One fire station, in Eastern Shores, would shut down entirely, because its sole rescue truck would be eliminated. The department briefly closed that station last year, saying it averaged less than one call a day. But it was reopened two months later because response times were averaging nearly eight minutes.
However, there’s a chance the fire-rescue department will be able to soften the blow to its roughly $345 million budget. There are 67 stations with 139 fire trucks.
Fire Chief Dave Downey and Rowan Taylor, president of the International Association of Firefighters Local 1403, have talked about idling trucks across the county for rotating 12-hour shifts instead of eliminating units altogether, an action known as a “rolling brown-out.” That would achieve some savings through reduced overtime, though equipment and buildings would still have to be maintained.
Taylor said the union, which would have to approve that step, would be willing to agree “so that we don’t impact one community alone” and to protect some jobs.
“We’re willing to concede on certain things to save those recruits,” he said.
The department is already 100 firefighters short, according to Downey.
“I never thought it would come to this,” said Downey, who envisioned growing the department when became chief in January. “I really didn’t.”
Library administrators, on the other hand, will have much less wiggle room to avoid cuts in their $36 million budget.
The county will look at whether the department can contribute less money to the general fund for administrative costs, Gimenez said, but he warned that those adjustments would not be enough to save the libraries targeted for closure. Even with the closures, the remaining ones would likely have to be closed one more day a week.
“The age of the book, unfortunately, I think is waning,” he said at Tuesday’s commission meeting — a comment that quickly sparked criticism online from library supporters.
Raymond Santiago, the department’s director, said libraries have adapted to changes in technology by including DVDs and e-books in their collections, and by providing computers and free Internet access. That service allows patrons, particularly in poorer communities with limited Internet access, to fill out applications for public housing and jobs that are only available online.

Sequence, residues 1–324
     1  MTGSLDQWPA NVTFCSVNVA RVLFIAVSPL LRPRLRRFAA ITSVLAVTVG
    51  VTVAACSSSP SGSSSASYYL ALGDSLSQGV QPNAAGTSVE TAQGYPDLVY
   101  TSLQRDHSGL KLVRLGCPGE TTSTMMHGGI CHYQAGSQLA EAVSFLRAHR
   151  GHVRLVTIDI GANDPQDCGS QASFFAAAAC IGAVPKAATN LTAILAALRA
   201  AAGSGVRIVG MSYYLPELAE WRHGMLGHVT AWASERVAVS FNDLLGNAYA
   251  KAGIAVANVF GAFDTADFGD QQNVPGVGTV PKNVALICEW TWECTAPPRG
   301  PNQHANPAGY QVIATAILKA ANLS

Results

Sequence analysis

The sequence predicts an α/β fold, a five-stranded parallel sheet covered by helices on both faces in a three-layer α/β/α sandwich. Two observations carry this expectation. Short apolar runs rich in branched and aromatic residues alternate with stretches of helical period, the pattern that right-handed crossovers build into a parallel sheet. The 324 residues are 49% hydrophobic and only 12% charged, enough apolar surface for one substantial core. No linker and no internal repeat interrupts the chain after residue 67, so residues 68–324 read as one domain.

“There’s an enormous digital divide in the county,” Santiago told the board.
He added that he’s often driven by closed libraries at night and seen people sitting in their cars with their laptops open, using the free wireless Internet that bleeds outside the buildings.
For children out of school over the summer, most libraries have partnered with a nonprofit to serve free lunches paid for by the federal government.
The 22 libraries slated for closure were chosen based on geography, usage and costs; half are the ones housed in commercial storefronts where the county must pay rent, Santiago said. Among those are the popular West Kendall Regional (in a storefront) and Golden Glades branch (in a county-owned building).
The communities that would be hit hardest by the closures: Southwest Miami-Dade and less affluent neighborhoods in the county’s urban core, including Opa-locka, Lemon City, Shenandoah and Tamiami.
Friends of the Miami-Dade Public Library, the system’s fundraising arm, last week began its annual campaign to get 10,000 people to each donate $10 by Oct. 10 to support library programs, including those that teach children and adults how to read. Supporters have also taken to Twitter and Change.org, a petition-gathering website, to urge commissioners to keep the libraries open.
“Each commissioner is concerned about the closing of specific libraries, probably in their districts,” said John J. Quick, the Friends group president. “We have to close nearly half of the libraries, so there is going to be impact felt throughout the county.”